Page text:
Witnessing the Light
Advent is when we sense a ‘great coming’ on the horizon. In this year of pandemic, light in the form of a vaccine has appeared in the darkness of Covid-19, and the joy of relief is felt. In a time of climate emergency, however, we still wait in hope. Joy and hope, gifts of the Spirit, are at the heart of the season of Advent. The self-effacing John the Baptist shows up on this 3rd Sunday to direct our attention to the mysterious ‘One coming after him’, who is already moving among us, but unrecognised – cf. JOHN 1, 26.
Advent is a gestation time, a waiting for something new to be born. To more fully enter into its meaning we need to quieten down, like the season does in the northern hemisphere, with its longer nights and bare trees and colder weather, and invitations to stay indoors and with less partying because of the current pandemic. A little enforced stay-at-homeness need not be seen as a trial so much as an invitation to a deeper and more contemplative time in anticipation of the Great Coming.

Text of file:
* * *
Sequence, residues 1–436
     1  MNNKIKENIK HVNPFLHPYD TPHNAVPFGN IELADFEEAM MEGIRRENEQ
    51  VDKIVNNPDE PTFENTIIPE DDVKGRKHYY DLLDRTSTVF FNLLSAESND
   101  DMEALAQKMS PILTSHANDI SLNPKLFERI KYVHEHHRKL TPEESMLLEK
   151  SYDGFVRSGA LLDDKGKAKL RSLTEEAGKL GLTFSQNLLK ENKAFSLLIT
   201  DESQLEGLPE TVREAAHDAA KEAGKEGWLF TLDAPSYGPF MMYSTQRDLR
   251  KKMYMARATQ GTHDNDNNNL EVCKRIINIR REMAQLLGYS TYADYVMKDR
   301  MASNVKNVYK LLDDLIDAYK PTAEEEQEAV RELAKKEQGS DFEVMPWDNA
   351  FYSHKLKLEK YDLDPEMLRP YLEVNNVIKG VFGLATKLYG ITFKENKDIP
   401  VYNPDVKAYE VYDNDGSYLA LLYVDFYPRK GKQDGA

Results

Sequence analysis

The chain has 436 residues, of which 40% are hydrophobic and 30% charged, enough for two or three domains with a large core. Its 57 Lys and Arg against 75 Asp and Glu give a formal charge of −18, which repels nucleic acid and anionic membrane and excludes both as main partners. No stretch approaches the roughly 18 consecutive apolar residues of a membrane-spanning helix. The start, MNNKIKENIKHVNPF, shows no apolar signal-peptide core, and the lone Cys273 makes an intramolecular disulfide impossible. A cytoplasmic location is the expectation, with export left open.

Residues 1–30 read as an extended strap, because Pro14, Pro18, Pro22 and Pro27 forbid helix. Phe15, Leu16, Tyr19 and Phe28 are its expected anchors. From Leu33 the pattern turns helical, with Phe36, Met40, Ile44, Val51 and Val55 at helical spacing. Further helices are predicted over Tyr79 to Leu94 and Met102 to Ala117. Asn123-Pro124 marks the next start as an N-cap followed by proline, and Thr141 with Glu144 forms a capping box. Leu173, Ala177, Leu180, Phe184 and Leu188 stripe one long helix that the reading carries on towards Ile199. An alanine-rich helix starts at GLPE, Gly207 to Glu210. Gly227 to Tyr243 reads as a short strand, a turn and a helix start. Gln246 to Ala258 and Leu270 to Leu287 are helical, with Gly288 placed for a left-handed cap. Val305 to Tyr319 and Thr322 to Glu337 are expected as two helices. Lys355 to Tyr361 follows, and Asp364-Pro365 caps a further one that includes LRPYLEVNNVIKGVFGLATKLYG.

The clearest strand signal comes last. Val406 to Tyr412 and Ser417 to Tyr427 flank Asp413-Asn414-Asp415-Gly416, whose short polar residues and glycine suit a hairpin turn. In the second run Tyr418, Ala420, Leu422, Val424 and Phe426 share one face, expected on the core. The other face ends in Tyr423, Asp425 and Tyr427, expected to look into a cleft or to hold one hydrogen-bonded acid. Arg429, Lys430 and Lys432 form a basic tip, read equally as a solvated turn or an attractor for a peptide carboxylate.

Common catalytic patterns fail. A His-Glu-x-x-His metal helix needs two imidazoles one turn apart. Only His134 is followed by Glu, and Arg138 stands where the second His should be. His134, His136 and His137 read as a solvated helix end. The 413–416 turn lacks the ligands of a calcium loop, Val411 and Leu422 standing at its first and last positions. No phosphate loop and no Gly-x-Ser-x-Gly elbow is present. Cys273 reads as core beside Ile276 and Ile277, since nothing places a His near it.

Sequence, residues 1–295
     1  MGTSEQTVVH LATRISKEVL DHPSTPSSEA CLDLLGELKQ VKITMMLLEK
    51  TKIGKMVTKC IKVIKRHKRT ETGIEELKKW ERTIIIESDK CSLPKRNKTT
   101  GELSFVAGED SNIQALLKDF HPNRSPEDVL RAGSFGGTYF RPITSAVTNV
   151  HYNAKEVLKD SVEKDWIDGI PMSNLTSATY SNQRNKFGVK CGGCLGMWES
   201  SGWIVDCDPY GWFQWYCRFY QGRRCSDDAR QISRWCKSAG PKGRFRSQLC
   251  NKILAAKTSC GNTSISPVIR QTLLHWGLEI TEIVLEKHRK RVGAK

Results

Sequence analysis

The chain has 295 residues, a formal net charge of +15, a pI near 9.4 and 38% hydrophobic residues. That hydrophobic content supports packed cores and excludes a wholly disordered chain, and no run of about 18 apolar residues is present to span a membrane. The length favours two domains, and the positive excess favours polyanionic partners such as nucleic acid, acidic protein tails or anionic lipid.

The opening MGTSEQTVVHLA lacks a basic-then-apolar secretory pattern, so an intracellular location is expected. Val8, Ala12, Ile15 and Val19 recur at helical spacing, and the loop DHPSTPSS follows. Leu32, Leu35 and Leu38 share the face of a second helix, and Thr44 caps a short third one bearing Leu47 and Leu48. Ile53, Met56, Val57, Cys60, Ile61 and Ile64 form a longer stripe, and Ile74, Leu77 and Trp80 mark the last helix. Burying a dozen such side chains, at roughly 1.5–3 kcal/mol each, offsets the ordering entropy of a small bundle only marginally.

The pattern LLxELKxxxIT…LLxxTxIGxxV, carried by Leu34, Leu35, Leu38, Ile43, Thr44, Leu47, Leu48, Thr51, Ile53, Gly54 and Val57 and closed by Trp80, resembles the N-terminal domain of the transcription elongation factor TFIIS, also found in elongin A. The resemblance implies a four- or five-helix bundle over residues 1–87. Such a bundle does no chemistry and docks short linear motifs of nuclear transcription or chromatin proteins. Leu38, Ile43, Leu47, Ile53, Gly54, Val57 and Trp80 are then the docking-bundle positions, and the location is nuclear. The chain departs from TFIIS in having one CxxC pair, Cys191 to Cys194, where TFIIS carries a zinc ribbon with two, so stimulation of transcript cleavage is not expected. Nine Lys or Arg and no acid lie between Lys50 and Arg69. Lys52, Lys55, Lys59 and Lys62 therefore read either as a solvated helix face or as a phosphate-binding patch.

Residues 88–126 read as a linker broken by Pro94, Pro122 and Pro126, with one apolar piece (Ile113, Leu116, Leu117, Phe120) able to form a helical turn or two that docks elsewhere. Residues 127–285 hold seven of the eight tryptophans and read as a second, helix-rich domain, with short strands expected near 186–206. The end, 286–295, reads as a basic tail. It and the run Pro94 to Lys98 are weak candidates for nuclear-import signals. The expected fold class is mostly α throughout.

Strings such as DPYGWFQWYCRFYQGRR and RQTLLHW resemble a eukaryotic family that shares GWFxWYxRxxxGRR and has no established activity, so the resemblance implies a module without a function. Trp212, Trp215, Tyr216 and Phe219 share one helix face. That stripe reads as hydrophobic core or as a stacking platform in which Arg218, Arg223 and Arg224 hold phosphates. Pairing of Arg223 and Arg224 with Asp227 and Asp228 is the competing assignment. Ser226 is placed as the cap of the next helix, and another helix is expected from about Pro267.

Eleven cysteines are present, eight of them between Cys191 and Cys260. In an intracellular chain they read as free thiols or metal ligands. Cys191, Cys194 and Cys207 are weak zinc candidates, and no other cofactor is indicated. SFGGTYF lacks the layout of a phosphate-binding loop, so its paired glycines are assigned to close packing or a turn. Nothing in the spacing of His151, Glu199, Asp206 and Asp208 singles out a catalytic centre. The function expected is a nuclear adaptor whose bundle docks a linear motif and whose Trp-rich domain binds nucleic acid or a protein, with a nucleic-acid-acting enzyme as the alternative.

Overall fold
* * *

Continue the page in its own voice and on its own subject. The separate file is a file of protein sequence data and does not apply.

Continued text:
Jesus came/comes into a world of brokenness and darkness; one marked by incredible levels of hunger, poverty and neglect, and with people crying out for justice and deliverance. ‘The spirit of the Lord is upon me… He sent me to bring good news to the poor, to bind up hearts that are broken…’ ISAIAH 61, 1. These words of the Advent prophet offer hope. Ladislaus Boros sj reminds us that ‘There is a hidden source of salvation in the world that can begin to flow at any time…there is a way from darkness into light; there is a light shining in the darkness of the night.’
Christmas is not so much about the birth of the baby Jesus as it is about the birth of the Son of God going on in us. That is the Coming we wait for, the Happening we hope for, and the Light in the tunnel of our darkness. The 14th century German spiritual master Meister Eckhart put it this way: ‘What good is it to me if this eternal birth of the divine Son takes place unceasingly but does not take place within myself? What good is it to me if Mary gave birth to the Son of God and I don’t give birth to the Son of God in my person and my time and my culture?’ Eckhart’s questions invite us to see humanity, and not Bethlehem, as the true birthplace of God on earth.
Fr. QQ – 12/9/2020